OTTAWA – When the good people of Ottawa watched USA go down in flames at the World Junior Championship once again, they must have felt as though they had seen this movie before.
Like the hometown Ottawa Senators, rarely has a program with so much promise accomplished so little. The 2009 US team made its contribution to a legacy of mediocrity in this event by losing 5-3 in the quarterfinal to Slovakia, assuring it would finish no higher than fifth in a tournament where the talent level drops off dramatically after the top four teams.
What makes it all so mind-boggling was this was once again a veteran American team loaded with top-notch NHL prospects. What makes it even more difficult to fathom is since 1996, when USA Hockey was riding high with a World Cup victory, it has hothoused its elite under-17 and under-18 prospects for the purpose of preparing them for international competitions like this one.
But the results simply have not been there for the Americans. They indeed have done well at the under-18 level with gold medals in 2002, 2005 and 2006, but for all the resources they pour into the program, they have been dismal at the WJC. In the history of the tournament, the Americans have won just five medals, with a gold, silver and two bronze coming since they established the U.S. National Team Development Program.
The program, however, can’t be faulted for the fact that goalie Thomas McCollum gagged it up big-time in this tournament, or that its best players went missing once the games got important. But there is absolutely no doubt there is a disconnect between the under-17 and under-18 programs and the WJC that USA Hockey can no longer ignore.
Of course, the Americans should never have been in this position. They should have been cooling their heels today while Canada played in this game. But the Americans completely lost their grip after taking a 3-0 lead on Canada New Year’s Eve. And it all started when, after scoring the third goal in the first period, fourth-liner Jimmy Hayes taunted the Canadian bench after he scored.
What a ridiculous thing to do by a team that has done nothing to earn a swagger in this tournament. So perhaps it has nothing to do with the U.S. system itself and more to do with the type of player it attracts.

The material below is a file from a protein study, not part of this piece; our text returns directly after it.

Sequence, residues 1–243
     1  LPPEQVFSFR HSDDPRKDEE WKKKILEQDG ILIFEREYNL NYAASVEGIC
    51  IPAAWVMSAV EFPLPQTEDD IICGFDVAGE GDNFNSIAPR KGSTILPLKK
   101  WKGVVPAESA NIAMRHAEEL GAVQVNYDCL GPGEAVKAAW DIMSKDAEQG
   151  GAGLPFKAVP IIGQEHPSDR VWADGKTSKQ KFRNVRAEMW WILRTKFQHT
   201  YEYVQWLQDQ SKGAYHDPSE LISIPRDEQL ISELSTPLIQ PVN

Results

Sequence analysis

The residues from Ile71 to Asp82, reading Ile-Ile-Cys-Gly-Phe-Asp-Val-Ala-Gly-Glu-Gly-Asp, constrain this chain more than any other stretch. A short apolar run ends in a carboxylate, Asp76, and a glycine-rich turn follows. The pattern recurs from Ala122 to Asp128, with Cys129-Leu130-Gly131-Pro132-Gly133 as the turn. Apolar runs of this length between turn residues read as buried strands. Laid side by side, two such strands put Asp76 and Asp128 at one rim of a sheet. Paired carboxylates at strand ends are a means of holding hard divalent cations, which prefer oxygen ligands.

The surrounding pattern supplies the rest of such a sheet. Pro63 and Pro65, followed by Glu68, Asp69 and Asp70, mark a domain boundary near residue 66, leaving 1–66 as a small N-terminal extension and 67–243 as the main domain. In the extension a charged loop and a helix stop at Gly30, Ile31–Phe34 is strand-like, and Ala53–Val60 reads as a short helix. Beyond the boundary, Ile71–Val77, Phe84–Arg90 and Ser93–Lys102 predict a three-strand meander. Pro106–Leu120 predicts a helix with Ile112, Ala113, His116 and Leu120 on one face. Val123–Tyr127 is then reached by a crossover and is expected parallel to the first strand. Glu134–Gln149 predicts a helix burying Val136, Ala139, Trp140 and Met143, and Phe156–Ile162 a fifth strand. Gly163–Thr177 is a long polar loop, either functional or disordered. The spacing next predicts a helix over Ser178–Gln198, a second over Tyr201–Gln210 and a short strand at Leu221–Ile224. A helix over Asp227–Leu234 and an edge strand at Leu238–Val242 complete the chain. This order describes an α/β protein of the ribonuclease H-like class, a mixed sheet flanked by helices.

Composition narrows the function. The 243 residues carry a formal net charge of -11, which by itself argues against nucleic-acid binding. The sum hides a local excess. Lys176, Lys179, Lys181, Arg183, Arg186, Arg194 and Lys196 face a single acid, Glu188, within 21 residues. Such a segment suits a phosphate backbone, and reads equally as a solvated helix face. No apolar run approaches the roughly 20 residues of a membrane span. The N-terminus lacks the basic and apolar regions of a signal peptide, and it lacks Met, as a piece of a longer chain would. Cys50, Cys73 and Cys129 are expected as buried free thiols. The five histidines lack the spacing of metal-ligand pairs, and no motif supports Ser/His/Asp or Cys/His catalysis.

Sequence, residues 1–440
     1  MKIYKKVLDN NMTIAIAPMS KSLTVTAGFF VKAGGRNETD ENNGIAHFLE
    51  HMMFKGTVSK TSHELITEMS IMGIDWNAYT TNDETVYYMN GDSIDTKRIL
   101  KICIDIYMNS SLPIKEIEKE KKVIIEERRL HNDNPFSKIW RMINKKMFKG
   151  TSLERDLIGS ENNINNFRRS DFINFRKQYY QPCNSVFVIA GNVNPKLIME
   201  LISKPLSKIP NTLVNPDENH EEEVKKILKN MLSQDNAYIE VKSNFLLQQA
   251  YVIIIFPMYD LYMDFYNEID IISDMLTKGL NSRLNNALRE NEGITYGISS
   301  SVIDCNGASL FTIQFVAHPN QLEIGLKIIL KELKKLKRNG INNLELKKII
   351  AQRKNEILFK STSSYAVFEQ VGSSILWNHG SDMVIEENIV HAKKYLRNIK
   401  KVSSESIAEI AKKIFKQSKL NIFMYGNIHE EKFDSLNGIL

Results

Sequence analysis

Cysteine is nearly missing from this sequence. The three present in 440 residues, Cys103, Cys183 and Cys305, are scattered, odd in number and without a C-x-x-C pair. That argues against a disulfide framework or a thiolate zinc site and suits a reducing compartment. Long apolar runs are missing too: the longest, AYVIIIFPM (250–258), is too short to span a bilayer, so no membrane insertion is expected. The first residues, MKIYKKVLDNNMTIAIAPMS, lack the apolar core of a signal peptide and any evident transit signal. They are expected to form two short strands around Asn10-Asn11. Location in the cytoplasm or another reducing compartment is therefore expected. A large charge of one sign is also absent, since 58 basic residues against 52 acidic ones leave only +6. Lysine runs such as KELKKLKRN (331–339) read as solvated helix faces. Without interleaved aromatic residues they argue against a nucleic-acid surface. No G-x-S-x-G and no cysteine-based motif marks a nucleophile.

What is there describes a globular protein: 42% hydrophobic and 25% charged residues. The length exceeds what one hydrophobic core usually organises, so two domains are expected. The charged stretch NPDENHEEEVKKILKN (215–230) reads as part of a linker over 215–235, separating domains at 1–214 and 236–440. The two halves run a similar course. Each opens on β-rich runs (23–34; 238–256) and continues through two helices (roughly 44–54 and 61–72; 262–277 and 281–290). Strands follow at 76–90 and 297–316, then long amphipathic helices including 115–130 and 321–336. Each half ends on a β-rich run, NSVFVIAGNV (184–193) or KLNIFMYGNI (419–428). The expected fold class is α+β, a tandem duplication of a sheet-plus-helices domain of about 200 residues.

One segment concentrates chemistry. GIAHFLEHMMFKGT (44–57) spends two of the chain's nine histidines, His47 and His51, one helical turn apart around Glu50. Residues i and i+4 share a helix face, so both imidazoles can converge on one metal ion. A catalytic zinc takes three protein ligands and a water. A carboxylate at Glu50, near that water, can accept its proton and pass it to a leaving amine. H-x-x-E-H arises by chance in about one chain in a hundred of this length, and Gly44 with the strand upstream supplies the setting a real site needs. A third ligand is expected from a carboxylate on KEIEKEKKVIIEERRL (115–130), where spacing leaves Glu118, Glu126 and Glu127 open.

At least that’s what one NHL scout thinks. He opined that hockey in USA is such an elite sport that it attracts rich kids with a sense of entitlement who have difficulty fitting into a team dynamic. After watching Hayes do his thing and Eric Tangradi hit a Canadian player with his stick from the U.S. bench, he might have a point.
“The problem with these guys is that none of this is about winning a championship for USA,” the scout said. “It’s about furthering their careers. That’s all these kids care about. When these kids are with the U.S. NTDP, they’re in a good situation for a couple of years, but by the time they get here, all the bad influences have got them again.”
Others point to the fact that USA Hockey essentially selects its team in the summer and doesn’t have a final selection camp in December. It has always been maintained that’s because it conflicts with the availability of U.S. college players, but the fact remains that Canada has used U.S. college players for years and never had a problem with a player’s eligibility.
It’s difficult to point to one overriding factor, particularly with this year’s team. Although a number of scouts were scratching their heads over the exclusion of Cam Fowler from this year’s team, this squad seemed to have a good mix of major junior and college players and looked to be a formidable group.
But then everything imploded. Imagine going from a 3-0 lead against Canada to not being able to beat Slovakia.
“There never seems to be an cohesiveness to their team from year to year,” another scout said. “It’s almost like there’s a black cloud following them around.”
There are those who follow USA Hockey a lot more closely than I do who insist the whole organization is broken, that there is more political in-fighting in that body than at a Republican convention. There are always allegations of favoritism, cronyism and incompetence.
Not sure exactly what it is, but one thing is for sure. Things have to change for the Americans in this tournament. This is getting embarrassing.